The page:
We did extensive exploring in Antigua after school. We were warned against being out after dark unless we used taxis to get around, but we used our daylight hours well to visit shops, churches, and museums. One day we decided to use one of the local buses to visit a nearby town, San Andres Ixtapa, which we were told was a most interesting place to visit–and it didn’t disappoint. We went to a shrine of a deity known locally as San Simon (sometimes called Maximon in other communities). San Simon is thought to originate from a Mayan god, Mam. In front of the site that houses the effigy is a courtyard where offerings of whole, raw eggs were being burned to honor the god; the smell was not pleasant. Inside, the image of San Simon sits, dressed like a cowboy. Worshippers leave offerings of bottles of alcohol, tobacco, and money at his feet. Who collected all these gifts, I never found out.
One afternoon we went on a bicycle tour into the countryside. The lush green landscape was magnificent, and the fields carved out of the forests looked fruitful. We rode up to a tobacco farm where the owner was outside preparing for some upcoming festival. A marimba band was setting up and practicing, which really set the atmosphere for a celebration. The owner kindly invited us in to have a cup of coffee in the dining room of his large home. He told us about a place on his farm where hieroglyphics could be seen and offered to guide us to the site. He didn’t know the possible age and history of the marks, but they were exciting to see as was the tour of his tobacco farm. I remembered some older TV coffee ads with a character named Juan Valdez (a fictional coffee farmer from Colombia), and this farmer looked just like him.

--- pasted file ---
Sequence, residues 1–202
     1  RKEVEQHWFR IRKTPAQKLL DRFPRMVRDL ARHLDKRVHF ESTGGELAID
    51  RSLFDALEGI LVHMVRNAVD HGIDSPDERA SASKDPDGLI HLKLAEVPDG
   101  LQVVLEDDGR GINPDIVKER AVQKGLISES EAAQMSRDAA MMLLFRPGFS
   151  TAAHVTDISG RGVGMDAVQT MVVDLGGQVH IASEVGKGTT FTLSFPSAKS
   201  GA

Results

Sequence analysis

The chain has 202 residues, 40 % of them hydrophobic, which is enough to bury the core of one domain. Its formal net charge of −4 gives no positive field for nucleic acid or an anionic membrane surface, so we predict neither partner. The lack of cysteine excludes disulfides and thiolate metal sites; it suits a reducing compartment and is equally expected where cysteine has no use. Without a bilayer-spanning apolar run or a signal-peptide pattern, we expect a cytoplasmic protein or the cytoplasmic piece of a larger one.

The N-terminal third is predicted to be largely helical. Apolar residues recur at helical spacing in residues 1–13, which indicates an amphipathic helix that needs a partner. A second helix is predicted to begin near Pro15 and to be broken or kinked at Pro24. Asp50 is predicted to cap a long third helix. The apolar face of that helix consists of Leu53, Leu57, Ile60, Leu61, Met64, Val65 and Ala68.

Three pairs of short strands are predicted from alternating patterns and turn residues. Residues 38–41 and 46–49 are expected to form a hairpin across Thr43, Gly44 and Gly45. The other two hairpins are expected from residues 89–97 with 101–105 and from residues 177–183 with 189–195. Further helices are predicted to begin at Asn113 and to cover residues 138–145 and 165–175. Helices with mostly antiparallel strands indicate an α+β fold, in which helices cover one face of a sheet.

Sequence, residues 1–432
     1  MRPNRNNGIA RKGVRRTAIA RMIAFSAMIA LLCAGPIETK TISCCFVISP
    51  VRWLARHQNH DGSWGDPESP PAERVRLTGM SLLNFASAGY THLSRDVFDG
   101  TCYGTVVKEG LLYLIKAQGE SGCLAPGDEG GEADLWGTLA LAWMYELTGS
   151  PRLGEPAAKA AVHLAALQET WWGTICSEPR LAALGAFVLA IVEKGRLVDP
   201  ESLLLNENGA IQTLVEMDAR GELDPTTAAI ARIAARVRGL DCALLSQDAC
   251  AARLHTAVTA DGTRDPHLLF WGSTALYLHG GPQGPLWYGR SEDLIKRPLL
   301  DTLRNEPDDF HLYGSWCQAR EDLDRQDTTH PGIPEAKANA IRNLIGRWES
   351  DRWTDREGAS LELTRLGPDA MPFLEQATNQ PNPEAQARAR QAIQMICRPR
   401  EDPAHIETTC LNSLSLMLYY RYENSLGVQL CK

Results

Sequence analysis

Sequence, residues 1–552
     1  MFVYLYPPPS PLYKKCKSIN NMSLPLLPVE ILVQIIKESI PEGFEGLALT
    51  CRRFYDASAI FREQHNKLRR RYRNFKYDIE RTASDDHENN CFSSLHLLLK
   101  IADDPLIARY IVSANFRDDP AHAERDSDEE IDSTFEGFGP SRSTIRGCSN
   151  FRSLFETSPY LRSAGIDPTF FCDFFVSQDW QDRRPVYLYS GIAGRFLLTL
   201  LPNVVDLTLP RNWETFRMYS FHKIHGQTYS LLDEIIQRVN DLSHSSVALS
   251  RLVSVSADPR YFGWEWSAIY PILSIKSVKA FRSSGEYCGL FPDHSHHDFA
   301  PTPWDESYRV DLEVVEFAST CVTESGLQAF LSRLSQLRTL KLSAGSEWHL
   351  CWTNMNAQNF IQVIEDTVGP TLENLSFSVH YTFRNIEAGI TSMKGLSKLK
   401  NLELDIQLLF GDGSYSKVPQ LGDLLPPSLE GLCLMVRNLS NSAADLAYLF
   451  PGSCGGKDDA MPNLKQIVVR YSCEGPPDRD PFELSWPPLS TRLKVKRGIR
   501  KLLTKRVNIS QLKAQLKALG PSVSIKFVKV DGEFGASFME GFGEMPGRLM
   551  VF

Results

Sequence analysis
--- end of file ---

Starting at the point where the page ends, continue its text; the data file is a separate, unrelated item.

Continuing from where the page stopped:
Two weeks flew by on this trip, and even though the trip home was the trip from hell (came down with a nasty cold, experienced a long delayed landing at O’Hare, cringed at my vandalized car in Chicago, was shocked at home to learn the dog had died, etc.), the trip still stands out among the best, most educational, and enjoyable trips I’ve ever taken. The people were friendly, the culture was unique and interesting, and adventures were there for the taking! Unfortunately, even though Guatemala is not on the list of countries to avoid, the threat today of violent crime is rated by the U.S. government as “critical.” The buses we traveled on are prone to attacks; frequent demonstrations often turn violent; the zika virus is a concern; and drug lords cause many problems. It is sad that the atmosphere has changed for the worse because Guatemala is a beautiful, interesting country.
Diane Repass is a retired tenured assistant professor
from The University of Dubuque and now a beloved
writer for Plaid Swan Inc. She received her M.A. from
The University of Northern Iowa in Cedar Falls, Iowa.